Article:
Digital indicators can be expanded to many levels, both up and down. The digital indicator in Chart A uses different levels and moves from 15 to -15. Each move is triggered by one of the many components of the Zahorchak Method turning on for upward or off for downward moves. The ZM looks at the Weekly NYSE Advance Decline Line and the Weekly NYSE Composite Index using 3 simple moving averages on each; 5, 15, and 40 week moving averages. For example when the 5 week average of the NYSE Advance Decline Line goes above the 15 week average it ticks up one. When it then goes above the 40 week average it ticks up again. When the 15 goes above the 40 it ticks up again. This is also done on the NYSE Composite Index. There are also a few relationships between the Advance Decline line averages and the NYSE Composite averages that contribute to the measure. I think you can see that this weekly measure does a fairly good job of being in the upper area during up moves and in the lower area during down moves. Perfect? Of course not. If you are striving for perfection in technical analysis, you will not succeed. However, if you inherit a lot of money you will at least have fun trying.
Chart B is the same as Chart A except shows fewer years of data. Here you can see the 40 week simple moving average on the top plot of the NYSE Composite Index. The Zahorchak Measure (ZM) is in the bottom plot where I have drawn arbitrary horizontal lines to separate it into quadrants. The process of the ZM is the ongoing relationship of the various averages with each other so that each small up or down move in the ZM represents a change in one of those relationships. You can see that there are many small changes near the extremes as the relationships are quite dynamic. There are many ways one can interpret an indicator like this, not unlike RSI or Stochastics. The simplest is to use the zero line; when above it be invested, when below it be out. Try to avoid drawing lines to fit the data and remove all whipsaws because the biggest whipsaw then is in your future.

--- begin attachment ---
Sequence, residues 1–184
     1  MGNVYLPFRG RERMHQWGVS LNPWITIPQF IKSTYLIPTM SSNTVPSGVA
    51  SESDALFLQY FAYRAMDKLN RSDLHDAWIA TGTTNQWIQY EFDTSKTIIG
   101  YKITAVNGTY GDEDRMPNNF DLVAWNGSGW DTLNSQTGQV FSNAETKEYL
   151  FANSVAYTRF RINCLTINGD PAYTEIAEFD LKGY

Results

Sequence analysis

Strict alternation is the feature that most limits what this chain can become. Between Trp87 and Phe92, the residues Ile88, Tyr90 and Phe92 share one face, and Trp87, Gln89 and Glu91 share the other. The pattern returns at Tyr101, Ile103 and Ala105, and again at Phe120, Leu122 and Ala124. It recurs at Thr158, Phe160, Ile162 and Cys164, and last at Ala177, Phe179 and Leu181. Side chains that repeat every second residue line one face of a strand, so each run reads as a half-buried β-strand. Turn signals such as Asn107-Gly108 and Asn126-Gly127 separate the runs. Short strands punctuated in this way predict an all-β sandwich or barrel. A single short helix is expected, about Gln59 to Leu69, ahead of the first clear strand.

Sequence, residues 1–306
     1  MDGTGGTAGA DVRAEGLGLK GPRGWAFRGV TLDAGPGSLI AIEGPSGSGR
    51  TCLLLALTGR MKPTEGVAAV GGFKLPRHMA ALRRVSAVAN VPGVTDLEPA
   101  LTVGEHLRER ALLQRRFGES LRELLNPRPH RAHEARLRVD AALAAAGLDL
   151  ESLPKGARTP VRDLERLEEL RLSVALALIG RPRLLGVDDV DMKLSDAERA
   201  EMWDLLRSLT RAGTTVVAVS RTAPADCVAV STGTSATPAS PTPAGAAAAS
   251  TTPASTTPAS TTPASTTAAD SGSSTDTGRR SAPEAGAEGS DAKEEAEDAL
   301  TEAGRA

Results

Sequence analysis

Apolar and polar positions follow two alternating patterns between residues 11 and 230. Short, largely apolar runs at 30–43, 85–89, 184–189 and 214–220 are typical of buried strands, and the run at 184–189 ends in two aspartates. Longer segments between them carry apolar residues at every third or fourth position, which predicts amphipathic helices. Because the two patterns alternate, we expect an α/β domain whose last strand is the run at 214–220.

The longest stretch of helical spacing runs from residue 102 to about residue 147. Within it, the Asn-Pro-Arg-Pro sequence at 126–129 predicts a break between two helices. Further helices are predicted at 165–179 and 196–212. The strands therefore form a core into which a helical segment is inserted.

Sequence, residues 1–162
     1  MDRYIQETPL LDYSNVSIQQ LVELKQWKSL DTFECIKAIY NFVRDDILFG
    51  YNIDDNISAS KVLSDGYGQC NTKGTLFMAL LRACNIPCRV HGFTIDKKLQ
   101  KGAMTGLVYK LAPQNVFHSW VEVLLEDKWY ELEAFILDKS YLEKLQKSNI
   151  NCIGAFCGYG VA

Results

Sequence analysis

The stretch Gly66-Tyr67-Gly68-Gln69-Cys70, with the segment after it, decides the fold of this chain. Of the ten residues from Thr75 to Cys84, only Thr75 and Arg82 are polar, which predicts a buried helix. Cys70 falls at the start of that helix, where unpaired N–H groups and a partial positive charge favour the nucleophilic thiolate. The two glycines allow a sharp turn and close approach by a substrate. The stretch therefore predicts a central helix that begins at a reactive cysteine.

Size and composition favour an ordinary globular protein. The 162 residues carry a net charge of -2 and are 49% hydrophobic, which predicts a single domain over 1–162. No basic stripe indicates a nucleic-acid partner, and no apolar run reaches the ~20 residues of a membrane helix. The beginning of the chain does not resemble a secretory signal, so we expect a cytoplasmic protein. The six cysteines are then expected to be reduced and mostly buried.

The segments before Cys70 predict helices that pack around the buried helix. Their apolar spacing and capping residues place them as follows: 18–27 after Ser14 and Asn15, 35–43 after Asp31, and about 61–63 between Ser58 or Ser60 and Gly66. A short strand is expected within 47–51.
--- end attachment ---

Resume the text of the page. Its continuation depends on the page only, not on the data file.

You might notice that the 2000-2002 bear did not trigger exceptional downside in the ZM. That bear market was primarily large cap issues tied to the dot com bubble. Most of the smaller issues began their bear in the 1998-1999 era. This is why breadth is such a good measure to use when looking at the market’s big picture. I have dealt with this considerably in previous articles.
The Zahorchak book then goes on to explain how to tie this with selecting and trading blue chip stocks. Again, the 5, 15, and 40 week moving average is used on the stock price along with a set of rules for when to buy it and when to sell it. The rules for stock selection are not much different than the rules with the AD Line and the NYSE Composite.
The Zahorcak Measure symbols are now available on StockCharts.com.
!BINYZMDW Weekly ZM
!BINYZMD Daily ZM
As a reminder, these new indicators all begin with !BI, followed by NY for New York exchange, followed by their abbreviated name (symbol) followed by W for weekly if appropriate, followed by D for digital if appropriate. Remember the D is for digital, not daily.
I created a daily version which uses the 200 day average versus the 40 week, etc. so it will be timelier but also invokes more noise. See Chart C. I prefer the daily version as I think it does a slightly better job.
If this generates a lot of interest I will write another article that goes into considerably more detail using the catchy title Zahorchak Measure II. I have tinkered with this concept for decades but found it difficult to improve on Zahorchak’s original parameters. Take a look at the daily and weekly version and let me know if you want more detail.